Word. Epiphany means to shine upon. Jesus Christ is the light of the
world. He shines God’s grace upon the Gentiles. He grows in God’s grace
as a young boy. He reveals God’s grace as he does his first miracle at the
wedding of Cana. Epiphany celebrates the manifestation of the Son of
God to the world. It prepares us for Lent when Jesus sets his face to
Jerusalem where he will find glory for us all in his bitter suffering and
death on the cross.

The Gospel before us today teaches us the difference between our thought
and God’s thoughts. We don’t think like God thinks.

Mary was a pious woman. She was a sincere Christian. As such, she
submitted to God’s word in humble faith. When Gabriel told her that she,
a virgin, would conceive a Child by the Holy Spirit and give birth to the
Son of God she did not question or doubt or challenge the veracity of
God’s messenger. She said, “Let it me to me according to your word.”
God said it. That settled it for Mary.

She was a mother with a mother’s love. God tried her. It was as if he
took her son away from her. For three days she looked in vain for him.
Where could he be? He should have been with the company. He should
have been among the relatives. Where else would a twelve year old boy
be? Why would he leave the family? Why would he go off by himself?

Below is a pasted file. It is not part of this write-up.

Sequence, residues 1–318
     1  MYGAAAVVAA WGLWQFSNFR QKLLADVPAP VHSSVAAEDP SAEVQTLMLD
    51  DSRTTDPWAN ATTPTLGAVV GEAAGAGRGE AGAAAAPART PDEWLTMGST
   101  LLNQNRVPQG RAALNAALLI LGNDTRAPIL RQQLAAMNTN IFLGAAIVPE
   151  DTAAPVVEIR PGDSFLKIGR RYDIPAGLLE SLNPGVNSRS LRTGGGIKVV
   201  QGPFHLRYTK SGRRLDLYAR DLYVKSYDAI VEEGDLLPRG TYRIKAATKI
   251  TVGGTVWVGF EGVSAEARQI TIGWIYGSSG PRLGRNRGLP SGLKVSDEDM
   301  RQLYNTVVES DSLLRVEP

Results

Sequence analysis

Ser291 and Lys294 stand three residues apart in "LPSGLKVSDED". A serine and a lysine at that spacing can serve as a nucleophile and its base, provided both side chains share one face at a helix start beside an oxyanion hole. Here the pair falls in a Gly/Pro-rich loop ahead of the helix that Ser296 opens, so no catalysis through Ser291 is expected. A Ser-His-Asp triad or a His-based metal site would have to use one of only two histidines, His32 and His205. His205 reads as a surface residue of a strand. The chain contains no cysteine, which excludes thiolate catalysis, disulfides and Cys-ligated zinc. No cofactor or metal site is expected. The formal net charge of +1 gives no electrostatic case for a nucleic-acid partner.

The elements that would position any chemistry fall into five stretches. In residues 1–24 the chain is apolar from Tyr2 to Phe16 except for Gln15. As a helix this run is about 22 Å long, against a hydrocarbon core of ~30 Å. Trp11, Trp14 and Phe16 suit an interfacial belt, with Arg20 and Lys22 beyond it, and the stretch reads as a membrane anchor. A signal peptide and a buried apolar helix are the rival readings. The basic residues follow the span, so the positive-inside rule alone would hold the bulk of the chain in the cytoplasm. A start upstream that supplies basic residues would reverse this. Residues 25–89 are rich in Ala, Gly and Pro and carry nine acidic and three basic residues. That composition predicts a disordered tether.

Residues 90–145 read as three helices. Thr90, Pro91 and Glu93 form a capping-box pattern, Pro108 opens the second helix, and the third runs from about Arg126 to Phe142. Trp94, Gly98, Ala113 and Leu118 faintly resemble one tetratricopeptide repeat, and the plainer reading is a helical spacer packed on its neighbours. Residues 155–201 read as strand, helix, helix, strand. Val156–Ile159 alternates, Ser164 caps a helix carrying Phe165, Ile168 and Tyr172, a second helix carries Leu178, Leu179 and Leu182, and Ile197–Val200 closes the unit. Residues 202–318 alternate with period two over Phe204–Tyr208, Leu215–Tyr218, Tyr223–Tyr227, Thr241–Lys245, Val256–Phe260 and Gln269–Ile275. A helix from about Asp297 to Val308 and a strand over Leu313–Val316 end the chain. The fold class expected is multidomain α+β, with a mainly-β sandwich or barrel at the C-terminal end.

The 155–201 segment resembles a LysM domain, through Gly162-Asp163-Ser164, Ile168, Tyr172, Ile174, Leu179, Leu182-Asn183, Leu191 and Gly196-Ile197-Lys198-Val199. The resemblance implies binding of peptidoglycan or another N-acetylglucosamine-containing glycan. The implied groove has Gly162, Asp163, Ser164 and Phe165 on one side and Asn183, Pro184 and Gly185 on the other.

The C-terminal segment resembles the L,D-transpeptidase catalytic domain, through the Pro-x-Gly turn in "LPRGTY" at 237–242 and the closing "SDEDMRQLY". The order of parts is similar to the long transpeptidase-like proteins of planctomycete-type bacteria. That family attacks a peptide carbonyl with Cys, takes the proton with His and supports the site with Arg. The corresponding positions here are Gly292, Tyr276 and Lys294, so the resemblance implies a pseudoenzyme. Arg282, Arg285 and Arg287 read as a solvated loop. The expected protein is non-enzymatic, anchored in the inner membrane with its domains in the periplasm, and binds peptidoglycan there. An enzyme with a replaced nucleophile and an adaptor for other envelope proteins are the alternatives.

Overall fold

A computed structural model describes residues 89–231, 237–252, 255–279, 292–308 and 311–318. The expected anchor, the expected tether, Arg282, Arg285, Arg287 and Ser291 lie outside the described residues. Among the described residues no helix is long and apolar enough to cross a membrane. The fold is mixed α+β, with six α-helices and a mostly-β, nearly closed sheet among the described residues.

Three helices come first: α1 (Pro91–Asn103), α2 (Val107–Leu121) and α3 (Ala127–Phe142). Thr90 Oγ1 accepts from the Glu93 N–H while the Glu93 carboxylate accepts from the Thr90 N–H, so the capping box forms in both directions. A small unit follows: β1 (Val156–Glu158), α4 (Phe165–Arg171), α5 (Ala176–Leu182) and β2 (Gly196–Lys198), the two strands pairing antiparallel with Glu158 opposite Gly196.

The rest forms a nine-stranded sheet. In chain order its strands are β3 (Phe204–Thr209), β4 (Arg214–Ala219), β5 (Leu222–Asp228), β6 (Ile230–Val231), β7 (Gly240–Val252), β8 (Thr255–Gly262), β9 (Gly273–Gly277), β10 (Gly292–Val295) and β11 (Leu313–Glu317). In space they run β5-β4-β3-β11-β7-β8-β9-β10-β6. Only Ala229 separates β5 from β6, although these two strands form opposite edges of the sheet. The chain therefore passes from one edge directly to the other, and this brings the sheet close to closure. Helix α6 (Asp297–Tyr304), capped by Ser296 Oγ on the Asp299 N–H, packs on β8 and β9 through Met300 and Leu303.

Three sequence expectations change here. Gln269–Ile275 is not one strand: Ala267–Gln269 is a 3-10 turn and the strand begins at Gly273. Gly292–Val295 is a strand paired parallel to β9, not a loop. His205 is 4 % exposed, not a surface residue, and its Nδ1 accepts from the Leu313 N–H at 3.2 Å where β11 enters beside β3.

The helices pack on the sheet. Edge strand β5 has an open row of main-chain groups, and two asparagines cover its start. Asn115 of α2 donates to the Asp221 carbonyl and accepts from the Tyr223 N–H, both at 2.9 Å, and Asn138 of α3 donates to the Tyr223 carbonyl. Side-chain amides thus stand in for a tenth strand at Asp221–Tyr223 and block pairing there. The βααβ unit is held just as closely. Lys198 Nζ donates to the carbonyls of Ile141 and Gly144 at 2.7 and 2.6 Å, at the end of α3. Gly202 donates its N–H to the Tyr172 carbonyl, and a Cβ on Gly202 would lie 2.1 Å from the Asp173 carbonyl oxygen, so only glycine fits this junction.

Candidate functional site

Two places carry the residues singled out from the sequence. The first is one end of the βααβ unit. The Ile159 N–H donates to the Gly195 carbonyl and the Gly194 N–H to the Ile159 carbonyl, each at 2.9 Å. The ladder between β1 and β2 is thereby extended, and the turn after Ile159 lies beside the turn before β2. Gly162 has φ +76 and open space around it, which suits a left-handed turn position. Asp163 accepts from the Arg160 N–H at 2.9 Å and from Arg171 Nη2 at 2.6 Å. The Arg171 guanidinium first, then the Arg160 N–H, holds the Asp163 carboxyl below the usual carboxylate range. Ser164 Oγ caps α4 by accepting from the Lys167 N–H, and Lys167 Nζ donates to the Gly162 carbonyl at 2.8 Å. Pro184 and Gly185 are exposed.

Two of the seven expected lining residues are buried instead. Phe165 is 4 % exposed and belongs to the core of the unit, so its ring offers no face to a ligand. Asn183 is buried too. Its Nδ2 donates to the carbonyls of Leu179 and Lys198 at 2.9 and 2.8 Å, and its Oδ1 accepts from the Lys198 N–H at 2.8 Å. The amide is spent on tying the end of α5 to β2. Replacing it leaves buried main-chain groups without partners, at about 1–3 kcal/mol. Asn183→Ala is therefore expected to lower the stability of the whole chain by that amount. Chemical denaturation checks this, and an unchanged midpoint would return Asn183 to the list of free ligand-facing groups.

Has he gotten himself into some kind of trouble? Maybe something
terrible has happened to him. What went through Mary’s mind? Was this
the sword that would pierce her soul as Simeon had prophesied twelve
years earlier?

It doesn’t cross her mind to look in the temple. That’s the first place she
should have looked. Where else would Jesus be? Mary, speaking from
her maternal heart, chides her holy Son as if he has done her wrong. She
says: “Son, why have You done this to us? Look, Your father and I have
sought You anxiously.”

Your father and I. She appealed to the Fourth Commandment. And how
did Jesus reply? “Why did you seek Me? Did you not know that I must
be about My Father's business?” My Father’s business. Jesus appealed
to the First Commandment. The First Commandment places the Fourth
Commandment into proper focus.

We learn from the Catechism the difference between the two tables of the
Law. The first table of the Law is commandments one through three: